asp:Feature

LANGUAGES: C#

ASP.NET VERSIONS: 2.0

 

Understanding the LinqDataSource Control

Execute LINQ Queries Declaratively to Bind Data to ASP.NET Data Controls

 

By Joydip Kanjilal

 

The newly added data source controls of ASP.NET 2.0 and beyond are great in the sense that you can implement CRUD (Create, Read, Update, and Delete) operations in your applications without having to write much code. Language Integrated Query, or LINQ as it is called, ships with the Microsoft .NET Framework and provides an easy way to access data, execute queries, and model your databases using .NET objects. According to MSDN, Language-Integrated Query (LINQ) is a set of features in Visual Studio 2008 that extends powerful query capabilities to the language syntax of C# and Visual Basic. LINQ introduces standard, easily-learned patterns for querying and updating data, and the technology can be extended to support potentially any kind of data store.

 

This article explains the LinqDataSource Control that ships with ASP.NET 2.0 and beyond, and implements the DataSourceControl pattern of ASP.NET 2.0 and how it can be used for declarative binding of ASP.NET data controls.

 

The New Data Source Controls of ASP.NET 2.0

ASP.NET 2.0 ships with a lot of data source controls, namely:

  • ObjectDataSource
  • AccessDataSource
  • SQLDataSource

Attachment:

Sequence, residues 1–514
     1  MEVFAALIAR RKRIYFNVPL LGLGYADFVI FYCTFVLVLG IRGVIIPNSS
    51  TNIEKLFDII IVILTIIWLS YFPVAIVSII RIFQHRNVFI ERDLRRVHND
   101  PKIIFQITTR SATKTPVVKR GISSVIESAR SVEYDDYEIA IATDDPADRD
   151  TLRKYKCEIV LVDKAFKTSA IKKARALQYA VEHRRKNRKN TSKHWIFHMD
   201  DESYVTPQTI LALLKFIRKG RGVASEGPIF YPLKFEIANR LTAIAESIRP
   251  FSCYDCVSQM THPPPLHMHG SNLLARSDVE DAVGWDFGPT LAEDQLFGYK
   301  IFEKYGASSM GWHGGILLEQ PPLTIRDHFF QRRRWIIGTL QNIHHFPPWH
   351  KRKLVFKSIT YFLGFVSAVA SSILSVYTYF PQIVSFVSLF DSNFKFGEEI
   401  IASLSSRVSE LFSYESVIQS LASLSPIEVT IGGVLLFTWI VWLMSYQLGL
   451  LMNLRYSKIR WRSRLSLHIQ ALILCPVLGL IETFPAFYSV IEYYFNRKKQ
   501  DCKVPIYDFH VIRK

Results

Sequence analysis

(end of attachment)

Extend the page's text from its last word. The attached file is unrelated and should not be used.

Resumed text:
• XMLDataSource
  • LinqDataSource

 

You use the ObjectDataSource control to bind data to the data controls from generic business objects. The AccessDataSource, SQLDataSource, and XMLDataSource controls are used to bind data to the ASP.NET data controls from Access, SQL Server Database, or XML data sources, respectively.

 

Similar to the other data source controls, the LinqDataSource control can be used for declarative data binding, i.e., you can declaratively bind data to your ASP.NET Data Controls in your Web page. Using the LinqDataSource control, you can eliminate data-store-specific coding in your applications, as this control can be used to bind data to your ASP.NET data controls from any LINQ-enabled data model. You can even execute stored procedures and complex queries using this control. Scott Guthrie says in his blog, One of the benefits of using the <asp:linqdatasource> control is that it leverages the flexibility that LINQ based ORMs provide. You don t need to define custom query/insert/update/delete methods for the data source to call - instead you can point the <asp:linqdatasource> control at your data model, identify what entity table you want it to work against, and then bind any ASP.NET UI control against the <asp:linqdatasource> and have them work with it.

 

The LinqDataSource control is a good fit in applications where you need to perform CRUD operations by leveraging the advantage of the unified programming model that LINQ provides. You can find more detailed discussion on these data source controls in my book, ASP.NET Data Presentation Controls Essentials (Packt Publishing).

 

Using the LinqDataSource Control

To get started with this control, you can simply drag and drop it from the toolbox onto your Web form. The LinqDataSource control is very flexible in the sense that you can use it to bind data to a data control from a wide variety of data sources. Note that the LinqDataSource control will not connect to your database directly. Instead, it will interact with entity classes you need to generate using the Object Relational Designer or the SqlMetal.exe tools.